- Former FedEx driver Lesly Taboada-Hall died of uterine cancer in 2013
- She passed away six days before a Supreme Court ruling on gay marriage
- Ms Taboada-Hall married Stacy Schuett a day before she died in hospital
- But Ms Schuett’s legal team says FedEx determined she was not eligible as a spouse to receive the $400,000 pension benefit
- She claims the Supreme Ruling should apply ‘retroactively’ in her case
- FedEx says federal law requires it to ‘apply the pension plan rules equally to all participants’
Julian Robinson for MailOnline
05:56 EST, 15 January 2015
08:08 EST, 15 January 2015
A woman is suing Fedex over her wife’s $400,000 spousal death benefit – which the company is refusing to pay because it would not recognize their marriage.
Lesly Taboada-Hall, who was a driver for the company for 26 years, lost her battle with uterine cancer two years ago.
But because she died six days before a landmark Supreme Court ruling on gay marriage, FedEx determined that wife Stacy Schuett, of California, was not eligible to receive the pension benefit, her lawyers say.
Stacy Schuett (left), from California, lost her wife Lesly Taboada-Hall (right) to uterine cancer in 2013. The pair are pictured with their two children two years ago
NBC News reported that Ms Taboada-Hall passed away on June 20, 2013 – days before the Supreme Court struck down an important part of the Defense of Marriage Act (DOMA) which blocked federal recognition of gay marriage.
Some firms used DOMA to decide who was the legal souse before paying out survivor benefits.
Although FedEx did recognize 54-year-old Ms Schuett as a spouse for smaller survivor benefits, her lawyers believe she should be entitled to more.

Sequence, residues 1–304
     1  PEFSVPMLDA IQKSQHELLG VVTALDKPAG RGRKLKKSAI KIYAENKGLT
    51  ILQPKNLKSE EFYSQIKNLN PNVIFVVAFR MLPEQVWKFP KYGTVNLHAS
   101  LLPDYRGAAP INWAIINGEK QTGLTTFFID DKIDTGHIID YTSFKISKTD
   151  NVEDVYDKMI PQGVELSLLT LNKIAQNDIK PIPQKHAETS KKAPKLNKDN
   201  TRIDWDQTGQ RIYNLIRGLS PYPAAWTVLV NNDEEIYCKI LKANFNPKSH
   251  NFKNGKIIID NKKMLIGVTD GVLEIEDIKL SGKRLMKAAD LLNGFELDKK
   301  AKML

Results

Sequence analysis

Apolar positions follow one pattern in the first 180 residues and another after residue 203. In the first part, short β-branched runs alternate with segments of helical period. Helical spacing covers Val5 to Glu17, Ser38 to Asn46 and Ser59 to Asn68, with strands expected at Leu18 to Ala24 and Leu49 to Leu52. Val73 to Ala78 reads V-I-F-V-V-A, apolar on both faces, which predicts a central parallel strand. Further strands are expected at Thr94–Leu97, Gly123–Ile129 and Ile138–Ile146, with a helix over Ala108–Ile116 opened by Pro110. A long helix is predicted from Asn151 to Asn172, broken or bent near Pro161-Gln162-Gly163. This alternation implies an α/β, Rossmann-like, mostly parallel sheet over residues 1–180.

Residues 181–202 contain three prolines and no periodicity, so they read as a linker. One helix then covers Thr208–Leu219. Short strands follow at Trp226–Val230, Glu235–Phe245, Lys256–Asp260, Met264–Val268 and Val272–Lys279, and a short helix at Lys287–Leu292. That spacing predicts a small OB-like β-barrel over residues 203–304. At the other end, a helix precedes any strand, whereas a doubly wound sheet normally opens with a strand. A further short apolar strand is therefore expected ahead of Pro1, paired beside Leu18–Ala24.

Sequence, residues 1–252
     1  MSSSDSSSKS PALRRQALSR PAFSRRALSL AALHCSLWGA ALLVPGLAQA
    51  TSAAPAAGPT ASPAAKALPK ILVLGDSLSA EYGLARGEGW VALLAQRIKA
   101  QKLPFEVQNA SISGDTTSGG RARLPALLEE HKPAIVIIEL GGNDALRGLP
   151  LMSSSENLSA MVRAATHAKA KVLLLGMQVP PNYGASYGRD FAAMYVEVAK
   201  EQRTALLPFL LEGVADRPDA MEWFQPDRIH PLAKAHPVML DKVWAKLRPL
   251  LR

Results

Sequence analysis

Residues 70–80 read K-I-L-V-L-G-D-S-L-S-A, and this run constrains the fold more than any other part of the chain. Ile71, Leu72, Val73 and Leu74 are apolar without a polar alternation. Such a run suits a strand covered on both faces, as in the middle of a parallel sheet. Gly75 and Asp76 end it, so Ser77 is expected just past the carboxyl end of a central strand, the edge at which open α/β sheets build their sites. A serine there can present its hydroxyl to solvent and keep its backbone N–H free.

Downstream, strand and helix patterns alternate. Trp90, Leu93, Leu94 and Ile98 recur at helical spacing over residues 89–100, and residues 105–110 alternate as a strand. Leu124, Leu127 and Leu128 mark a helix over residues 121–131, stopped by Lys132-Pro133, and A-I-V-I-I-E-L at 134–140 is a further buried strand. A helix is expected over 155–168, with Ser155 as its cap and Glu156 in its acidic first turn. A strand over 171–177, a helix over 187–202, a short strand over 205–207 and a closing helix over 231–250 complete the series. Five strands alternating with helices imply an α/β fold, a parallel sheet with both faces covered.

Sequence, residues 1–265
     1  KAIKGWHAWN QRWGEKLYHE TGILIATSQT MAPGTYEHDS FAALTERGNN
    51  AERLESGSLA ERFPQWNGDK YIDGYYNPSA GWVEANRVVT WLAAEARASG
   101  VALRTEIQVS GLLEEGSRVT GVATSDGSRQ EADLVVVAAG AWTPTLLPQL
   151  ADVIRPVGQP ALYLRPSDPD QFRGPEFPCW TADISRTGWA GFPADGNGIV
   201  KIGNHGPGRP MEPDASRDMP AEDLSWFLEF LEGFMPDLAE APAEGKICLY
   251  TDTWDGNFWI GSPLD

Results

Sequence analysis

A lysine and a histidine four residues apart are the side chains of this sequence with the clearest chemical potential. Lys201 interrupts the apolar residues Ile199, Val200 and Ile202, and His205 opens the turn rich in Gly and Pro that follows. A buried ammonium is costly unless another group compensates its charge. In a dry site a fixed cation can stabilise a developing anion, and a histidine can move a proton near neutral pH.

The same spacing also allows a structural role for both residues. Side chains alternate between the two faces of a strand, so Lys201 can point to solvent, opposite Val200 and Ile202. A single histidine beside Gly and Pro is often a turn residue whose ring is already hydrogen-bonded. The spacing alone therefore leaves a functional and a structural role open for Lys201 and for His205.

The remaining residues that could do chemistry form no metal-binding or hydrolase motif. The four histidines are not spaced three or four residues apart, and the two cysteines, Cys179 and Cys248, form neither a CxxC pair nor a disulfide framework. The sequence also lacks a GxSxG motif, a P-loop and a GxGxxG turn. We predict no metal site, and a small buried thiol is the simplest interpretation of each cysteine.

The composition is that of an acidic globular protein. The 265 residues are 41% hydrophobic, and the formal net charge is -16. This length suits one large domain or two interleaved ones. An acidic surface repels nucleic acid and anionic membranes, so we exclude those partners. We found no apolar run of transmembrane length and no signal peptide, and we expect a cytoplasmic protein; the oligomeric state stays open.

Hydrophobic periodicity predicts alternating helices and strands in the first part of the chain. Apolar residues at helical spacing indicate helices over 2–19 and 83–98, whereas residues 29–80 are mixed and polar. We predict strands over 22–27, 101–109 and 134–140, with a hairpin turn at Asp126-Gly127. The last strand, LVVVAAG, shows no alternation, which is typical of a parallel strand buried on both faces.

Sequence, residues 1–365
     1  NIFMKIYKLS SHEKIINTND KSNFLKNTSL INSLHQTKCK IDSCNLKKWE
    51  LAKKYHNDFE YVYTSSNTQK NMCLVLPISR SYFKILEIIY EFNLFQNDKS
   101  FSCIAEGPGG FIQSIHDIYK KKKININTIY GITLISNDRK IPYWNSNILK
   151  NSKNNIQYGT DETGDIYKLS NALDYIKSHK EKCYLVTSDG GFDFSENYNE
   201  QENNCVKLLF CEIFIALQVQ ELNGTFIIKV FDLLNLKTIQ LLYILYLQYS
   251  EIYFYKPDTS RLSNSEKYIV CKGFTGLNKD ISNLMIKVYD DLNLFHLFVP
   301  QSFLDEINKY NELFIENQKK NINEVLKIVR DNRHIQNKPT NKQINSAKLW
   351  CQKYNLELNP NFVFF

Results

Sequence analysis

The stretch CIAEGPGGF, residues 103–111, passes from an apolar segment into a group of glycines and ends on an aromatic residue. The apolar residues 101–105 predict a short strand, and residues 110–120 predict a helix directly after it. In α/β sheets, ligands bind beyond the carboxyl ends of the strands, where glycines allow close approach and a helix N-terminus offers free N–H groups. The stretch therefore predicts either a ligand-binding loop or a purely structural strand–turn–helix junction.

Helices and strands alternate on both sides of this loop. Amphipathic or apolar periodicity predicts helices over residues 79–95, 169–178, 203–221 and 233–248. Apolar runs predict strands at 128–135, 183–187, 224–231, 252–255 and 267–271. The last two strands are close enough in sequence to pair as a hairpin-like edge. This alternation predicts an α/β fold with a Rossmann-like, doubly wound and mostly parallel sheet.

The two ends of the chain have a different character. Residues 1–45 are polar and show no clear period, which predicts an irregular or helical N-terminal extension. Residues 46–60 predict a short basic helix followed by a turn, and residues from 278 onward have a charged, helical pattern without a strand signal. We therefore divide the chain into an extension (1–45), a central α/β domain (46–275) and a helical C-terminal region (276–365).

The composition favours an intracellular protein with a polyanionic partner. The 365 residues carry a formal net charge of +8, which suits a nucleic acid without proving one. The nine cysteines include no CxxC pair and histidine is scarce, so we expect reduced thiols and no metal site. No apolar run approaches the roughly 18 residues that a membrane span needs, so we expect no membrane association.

NBC News reported that the pair were married in hospital just a day before Ms Taboada-Hall died and that a judge in California later ruled the marriage was valid.
Ms Schuett (right) said her wife Lesly Taboada-Hall (left) had enjoyed working for FedEx and that the firm had treated her well during her battle with cancer
The legal team for Ms Schuett, who has two children aged 19 and 15, have sued in the federal court, claiming the Supreme Court ruling should apply ‘retroactively’.
She told NBC News that her wife had enjoyed working for FedEx and that the firm had treated her well during her battle with cancer – but that the couple learned of the company’s decision a week before her death.
She said: ‘To discover at the 11th hour that there was this other looming problem was pretty shocking to us. She was really worried about what was going to be happening to us after she died.’
NBC News quotes a FedEx spokesman as saying that it was ‘saddened’ by the passing of Ms Taboada-Hall and that she was a valued member of staff adding: ‘Ms Schuett’s claim has been carefully reviewed, and while we are sympathetic to her situation, we are required by federal law to apply the pension plan rules equally to all participants.’